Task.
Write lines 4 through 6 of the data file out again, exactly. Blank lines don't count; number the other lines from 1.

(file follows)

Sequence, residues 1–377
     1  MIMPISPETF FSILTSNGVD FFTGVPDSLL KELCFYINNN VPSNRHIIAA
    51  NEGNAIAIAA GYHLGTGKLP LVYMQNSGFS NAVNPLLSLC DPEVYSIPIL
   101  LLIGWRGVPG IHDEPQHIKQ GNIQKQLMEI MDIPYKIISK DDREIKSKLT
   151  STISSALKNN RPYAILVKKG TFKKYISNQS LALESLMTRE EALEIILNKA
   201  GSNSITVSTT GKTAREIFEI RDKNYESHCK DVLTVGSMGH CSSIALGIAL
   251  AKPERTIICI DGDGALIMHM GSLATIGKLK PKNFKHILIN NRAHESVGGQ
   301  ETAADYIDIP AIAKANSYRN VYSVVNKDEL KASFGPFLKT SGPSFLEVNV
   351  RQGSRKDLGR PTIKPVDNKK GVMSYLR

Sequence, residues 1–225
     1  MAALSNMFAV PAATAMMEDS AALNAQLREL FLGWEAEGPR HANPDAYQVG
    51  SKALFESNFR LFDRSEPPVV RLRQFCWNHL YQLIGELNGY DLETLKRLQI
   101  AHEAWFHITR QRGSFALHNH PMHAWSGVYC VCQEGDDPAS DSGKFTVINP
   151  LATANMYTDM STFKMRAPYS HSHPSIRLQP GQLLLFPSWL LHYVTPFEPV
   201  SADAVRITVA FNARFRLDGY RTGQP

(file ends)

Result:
   101  LLIGWRGVPG IHDEPQHIKQ GNIQKQLMEI MDIPYKIISK DDREIKSKLT
   151  STISSALKNN RPYAILVKKG TFKKYISNQS LALESLMTRE EALEIILNKA
   201  GSNSITVSTT GKTAREIFEI RDKNYESHCK DVLTVGSMGH CSSIALGIAL